Nasal Polyps Fact File: Nasal polyps are soft, transparent, non-cancerous growths that occur in the inner lining of the nasal passages or within the gaps of the sinuses. By themselves, they are harmless, but when they grow larger in size or form clusters, they block the nasal drainage system and sinuses, causing a variety of symptoms like snoring, lack of sleep, loss of sense of smell/taste, breathing difficulties, facial pain, headaches, dizziness, blurred vision and in severe cases, facial distortion. Causes have not been fully identified, but triggers are frequent inflammation/irritation of nasal passages due to allergens, asthma attacks or colds. Reduced immunity/genetic factors may play a role.
Historical Evidences: As far back as 4000 years ago, nasal polyps were first recorded. Ancient Egyptian and Hindu texts describe rhinologic procedures. It was also well-documented by the Ancient Greeks, especially Hippocrates, the father of modern medicine who gave the name “polyp” to these nasal growths as they resembled the sea polyps. No clear understanding was available about causes, though several treatments were practiced for their removal. Hippocrates, a specialist in rhinology, along with other famous physicians and surgeons of the ancient world like Galen, Paulus Aegineta etc established surgical procedures known as “Polypectomy” or nasal polyps surgery.
Symptoms of Nasal Polyps: The signs/symptoms of nasal polyps can easily be confused with many other conditions. Allergies, common cold, chest congestion, breathing problems, etc. are some of the main issues faced by sufferers. Unless polyps are large in size or number, they may go undetected. However, if all these are present along with post-nasal drip, loss of smell, hyaline mucus, pain extending into the dental arch, tightness around the forehead etc. then it’s wise to get a specialist’s opinion.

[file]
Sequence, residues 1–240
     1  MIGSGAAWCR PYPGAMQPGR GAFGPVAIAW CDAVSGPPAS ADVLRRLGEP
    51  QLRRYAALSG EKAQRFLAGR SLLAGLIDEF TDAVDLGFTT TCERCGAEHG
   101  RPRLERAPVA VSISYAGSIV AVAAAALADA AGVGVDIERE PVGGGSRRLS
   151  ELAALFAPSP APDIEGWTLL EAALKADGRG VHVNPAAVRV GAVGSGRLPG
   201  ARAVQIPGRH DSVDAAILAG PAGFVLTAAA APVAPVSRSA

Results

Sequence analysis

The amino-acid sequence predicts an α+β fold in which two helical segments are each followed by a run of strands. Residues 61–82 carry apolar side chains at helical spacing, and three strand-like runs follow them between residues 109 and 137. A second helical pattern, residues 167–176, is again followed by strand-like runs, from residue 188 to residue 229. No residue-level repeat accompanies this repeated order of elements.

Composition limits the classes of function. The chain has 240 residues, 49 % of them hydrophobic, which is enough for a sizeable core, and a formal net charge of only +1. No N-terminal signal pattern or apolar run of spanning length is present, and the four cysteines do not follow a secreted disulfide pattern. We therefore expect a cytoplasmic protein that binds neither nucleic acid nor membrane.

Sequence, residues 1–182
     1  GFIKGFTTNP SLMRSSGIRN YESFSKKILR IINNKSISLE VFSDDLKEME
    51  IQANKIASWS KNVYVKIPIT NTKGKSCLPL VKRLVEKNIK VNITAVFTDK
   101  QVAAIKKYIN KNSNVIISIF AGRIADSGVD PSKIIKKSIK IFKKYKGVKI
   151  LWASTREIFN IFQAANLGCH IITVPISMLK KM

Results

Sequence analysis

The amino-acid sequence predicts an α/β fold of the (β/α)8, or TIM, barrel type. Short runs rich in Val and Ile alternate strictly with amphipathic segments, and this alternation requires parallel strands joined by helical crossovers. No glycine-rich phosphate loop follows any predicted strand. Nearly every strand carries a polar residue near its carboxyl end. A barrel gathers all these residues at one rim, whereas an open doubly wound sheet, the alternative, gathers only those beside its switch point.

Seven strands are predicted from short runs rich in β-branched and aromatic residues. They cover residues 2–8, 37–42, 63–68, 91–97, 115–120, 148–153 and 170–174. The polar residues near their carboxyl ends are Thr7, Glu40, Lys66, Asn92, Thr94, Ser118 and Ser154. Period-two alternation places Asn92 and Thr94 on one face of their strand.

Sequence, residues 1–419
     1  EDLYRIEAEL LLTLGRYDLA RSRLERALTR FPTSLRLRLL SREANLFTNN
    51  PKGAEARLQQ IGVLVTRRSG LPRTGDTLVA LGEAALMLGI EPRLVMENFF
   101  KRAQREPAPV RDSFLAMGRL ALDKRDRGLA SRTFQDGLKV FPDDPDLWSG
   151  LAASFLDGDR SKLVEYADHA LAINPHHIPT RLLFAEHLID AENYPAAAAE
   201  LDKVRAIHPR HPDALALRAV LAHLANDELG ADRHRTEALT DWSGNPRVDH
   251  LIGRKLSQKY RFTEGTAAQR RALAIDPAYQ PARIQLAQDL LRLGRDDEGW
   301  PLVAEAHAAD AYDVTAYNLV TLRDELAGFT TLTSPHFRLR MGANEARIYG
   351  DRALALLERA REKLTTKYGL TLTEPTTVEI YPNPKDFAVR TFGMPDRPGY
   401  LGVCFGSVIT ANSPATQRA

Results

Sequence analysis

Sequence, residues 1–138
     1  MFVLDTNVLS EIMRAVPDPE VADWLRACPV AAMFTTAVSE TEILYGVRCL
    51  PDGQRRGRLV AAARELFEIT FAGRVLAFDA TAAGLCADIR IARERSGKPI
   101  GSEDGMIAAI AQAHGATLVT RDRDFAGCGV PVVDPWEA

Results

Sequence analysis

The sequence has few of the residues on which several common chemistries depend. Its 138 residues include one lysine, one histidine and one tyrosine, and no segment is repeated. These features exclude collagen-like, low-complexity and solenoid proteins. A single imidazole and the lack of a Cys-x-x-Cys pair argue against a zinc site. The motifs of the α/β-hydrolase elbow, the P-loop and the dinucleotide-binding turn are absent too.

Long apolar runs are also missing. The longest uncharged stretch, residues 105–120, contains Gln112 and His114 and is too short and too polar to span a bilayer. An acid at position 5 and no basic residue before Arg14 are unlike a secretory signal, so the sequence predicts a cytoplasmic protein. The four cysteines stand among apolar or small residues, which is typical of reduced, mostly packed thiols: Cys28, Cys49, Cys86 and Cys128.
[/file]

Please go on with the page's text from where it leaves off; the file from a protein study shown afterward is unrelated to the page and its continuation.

When to consult an ENT/Otolaryngologist: If your symptoms have lasted for more than ten days and seem to be worsening, leading to severe difficulty in pursuing your normal routine/daily life, it’s better to seek a specialist’s opinion. Your GP may recommend a consultation, based on such signs and symptoms.
Demographic profile of Nasal Polyps Sufferers: Though nasal polyps can occur at any age, research studies show that they’re more in young and middle-aged adults. Children rarely develop nasal polyps and if they do, it could be a sign of a more serious disease like cystic fibrosis, etc. More men than women tend to develop this condition but data is inconclusive. There are more sufferers in developed countries than in less developed ones, leading to the tentative conclusion that increased pollutants and allergens may play a role in developing nasal polyps. There is an increased frequency of nasal polyps in patients with general airway diseases. One of the issues faced by sufferers is that many of them are unaware of their condition as it gets diagnosed only at an advanced stage.
Risk Factors: It may lead to Churg-Strauss syndrome, a serious illness that involves the blood-vessels, and other conditions like asthma, aspirin allergy, non-steroidal anti-inflammatory drugs like ibuprofen, naproxen intolerance, reduced immunity to fungal infections, chronic respiratory problems etc. Hence, one of the important treatments for this condition is nasal polyps surgery.
Potential Issues: Sleep apnea, sinusitis, vulnerability to eye diseases and even meningitis are some of the worst case scenarios that have to be considered.
Diagnosis: As mentioned earlier, an ENT specialist can conclusively identify nasal polyps. However, if they are large in size, they may be visible to the naked eye or to your GP’s lighted instrument. Other decisive methods of identifying them are through advanced instrumentation like nasofibroendoscope, which allows a painless examination with digital camera. CT scan of the nasal area, allergy tests etc are also part of the multi-disciplinary diagnostic process.
Medical Intervention: Initial treatments include cortico-steroid nasal sprays, anti-histamines etc. Nasal polyps surgery is recommended in severe/chronic cases. Two types are available, depending on the size and location of polyps. Polypectomy is used for smaller/isolated polyp removal via a microdebriber. Endoscopic surgical procedure via digital camera is another technique, which is used in case of large polyps involving the sinuses.
While nasal polyps surgery is useful in some clients, it’s less effective in the case of asthma patients with increased sensitivity to aspirin and does not guarantee the non-recurrence.